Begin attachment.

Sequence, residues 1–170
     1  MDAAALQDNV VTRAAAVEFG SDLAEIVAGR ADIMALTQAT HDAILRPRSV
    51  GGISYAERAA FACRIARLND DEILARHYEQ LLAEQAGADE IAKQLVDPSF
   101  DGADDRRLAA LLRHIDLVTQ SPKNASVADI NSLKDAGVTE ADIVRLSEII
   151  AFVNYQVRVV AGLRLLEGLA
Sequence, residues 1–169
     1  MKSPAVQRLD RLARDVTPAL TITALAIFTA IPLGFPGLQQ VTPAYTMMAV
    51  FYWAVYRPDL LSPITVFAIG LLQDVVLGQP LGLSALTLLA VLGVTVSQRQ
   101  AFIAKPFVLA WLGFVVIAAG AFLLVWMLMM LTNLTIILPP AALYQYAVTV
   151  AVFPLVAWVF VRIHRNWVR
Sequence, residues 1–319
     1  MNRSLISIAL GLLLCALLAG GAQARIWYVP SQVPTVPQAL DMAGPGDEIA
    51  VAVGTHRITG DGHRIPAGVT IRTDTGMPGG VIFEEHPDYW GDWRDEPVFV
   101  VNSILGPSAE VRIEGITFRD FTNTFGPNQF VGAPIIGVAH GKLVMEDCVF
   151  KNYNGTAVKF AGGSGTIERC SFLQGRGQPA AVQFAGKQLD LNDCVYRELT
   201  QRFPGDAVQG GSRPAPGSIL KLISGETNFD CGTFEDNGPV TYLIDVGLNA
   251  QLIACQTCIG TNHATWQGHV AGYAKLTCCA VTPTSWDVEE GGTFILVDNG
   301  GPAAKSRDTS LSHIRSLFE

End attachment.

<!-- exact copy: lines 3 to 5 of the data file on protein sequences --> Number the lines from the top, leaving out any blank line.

    51  GGISYAERAA FACRIARLND DEILARHYEQ LLAEQAGADE IAKQLVDPSF
   101  DGADDRRLAA LLRHIDLVTQ SPKNASVADI NSLKDAGVTE ADIVRLSEII
   151  AFVNYQVRVV AGLRLLEGLA